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Home / FHWA Review of ET-Plus / Safety Analysis of Extruding W-Beam Guardrail Terminal Crashes

FHWA Review of ET-Plus

Safety Analysis of
Extruding W-Beam Guardrail
Terminal Crashes

Report from Joint AASHTO-FHWA Task Force on
Guardrail Terminal Crash Analysis


Joint AASHTO-FHWA Task Force Members

Federal Highway Administration (FHWA) representatives

American Association of State Highway Transportation Officials (AASHTO) representatives

State Department of Transportation (DOT) representatives

* Denotes membership on AASHTO's Technical Committee on Roadside Safety (TCRS)


Table of Contents

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  1. Executive Summary
  2. Introduction
  3. Task Force Methodology
  4. Task Force Findings
  5. Conclusions and Recommendations
  6. Appendix A – Glossary
  7. Appendix B – Summary of State Responses
  8. Appendix C – Narrative Summary of 231 Crash Cases from Harman Data Source
  9. Appendix D – Listing of Crash Cases
  10. Appendix E – Examples of Crash Cases Not Forwarded for Review by Task Force

DISCLAIMER

The FHWA and AASHTO thank all sources of the information considered in this report for their voluntary submission of that information with the common goal of ensuring safety of roadside safety hardware. Any opinions, findings, conclusions or recommendations expressed in this publication are those of FHWA and AASHTO and do not necessarily reflect the views of those who provided graphical or photographic submissions cited within. Any personally identifiable information has been removed from all images to maintain the privacy of individuals. The U.S. Government does not endorse products or manufacturers. Trademarks or manufacturers' names may appear on this publication only because they are considered essential to the objective of the report. They are included for informational purposes only and are not intended to reflect a preference, approval, or endorsement of any one product or entity.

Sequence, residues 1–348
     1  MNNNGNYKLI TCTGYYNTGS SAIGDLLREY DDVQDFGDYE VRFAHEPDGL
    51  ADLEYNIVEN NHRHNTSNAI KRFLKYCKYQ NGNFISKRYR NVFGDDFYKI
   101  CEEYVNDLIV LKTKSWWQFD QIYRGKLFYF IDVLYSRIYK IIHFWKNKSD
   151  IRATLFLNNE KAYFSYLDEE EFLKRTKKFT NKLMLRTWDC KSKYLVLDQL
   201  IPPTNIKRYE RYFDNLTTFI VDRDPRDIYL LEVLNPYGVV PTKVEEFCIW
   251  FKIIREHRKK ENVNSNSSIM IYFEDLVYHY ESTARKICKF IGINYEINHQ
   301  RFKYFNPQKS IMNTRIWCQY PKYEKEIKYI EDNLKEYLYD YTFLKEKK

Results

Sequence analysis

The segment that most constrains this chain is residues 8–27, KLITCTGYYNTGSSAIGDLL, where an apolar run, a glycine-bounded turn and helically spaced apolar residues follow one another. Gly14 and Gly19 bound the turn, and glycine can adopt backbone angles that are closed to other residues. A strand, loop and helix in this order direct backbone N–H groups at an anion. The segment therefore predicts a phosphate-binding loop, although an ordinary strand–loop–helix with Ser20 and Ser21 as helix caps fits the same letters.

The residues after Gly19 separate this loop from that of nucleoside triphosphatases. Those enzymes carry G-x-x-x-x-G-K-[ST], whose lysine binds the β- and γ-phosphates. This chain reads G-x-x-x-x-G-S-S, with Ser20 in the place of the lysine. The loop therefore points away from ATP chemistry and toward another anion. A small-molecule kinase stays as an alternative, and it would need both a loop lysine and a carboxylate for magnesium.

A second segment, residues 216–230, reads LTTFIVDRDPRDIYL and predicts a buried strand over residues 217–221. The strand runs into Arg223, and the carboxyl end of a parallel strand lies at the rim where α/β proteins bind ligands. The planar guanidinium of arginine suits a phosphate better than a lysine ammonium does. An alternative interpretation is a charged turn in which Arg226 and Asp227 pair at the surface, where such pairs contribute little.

EXECUTIVE SUMMARY

This report documents a joint effort between the Federal Highway Administration (FHWA) and the American Association of State Highway and Transportation Officials (AASHTO) to assess the safety performance of extruding w-beam guardrail terminals (also called guardrail end terminals and guardrail end treatments). The Joint Task Force on Guardrail Terminal Crash Analysis (Task Force) was assembled to answer the following questions:

The purpose of this effort was to determine whether there is any evidence of unique performance limitations of the ET-Plus 4-inch guardrail terminal and the degree to which any such performance limitations extend to other extruding w-beam guardrail terminals. This study does not constitute a full in-service evaluation because the available data did not provide a representative sample of terminals in service or a representative sample of terminals that were struck. As a result, the effort does not provide relative comparisons of the in-service safety performance of individual terminal types or an indication of the frequency of occurrence of the individual performance limitations.

The report provides background information on guardrail terminals and covers the data on extruding w-beam guardrail terminals analyzed by the Task Force and independent experts. The data include information received from records and crash reports from States, the public, and interested safety organizations submitted in response to an FHWA Federal Register Notice and Request for Information (79 FR 77595 (Dec. 24, 2014)); from FHWA Division Offices; national databases such as the Fatality Analysis Reporting System (FARS), National Automotive Sampling System Crashworthiness Data System (NASS CDS), the National Motor Vehicle Crash Causation Study (NMVCCS), and the multi-state Highway Safety Information System (HSIS).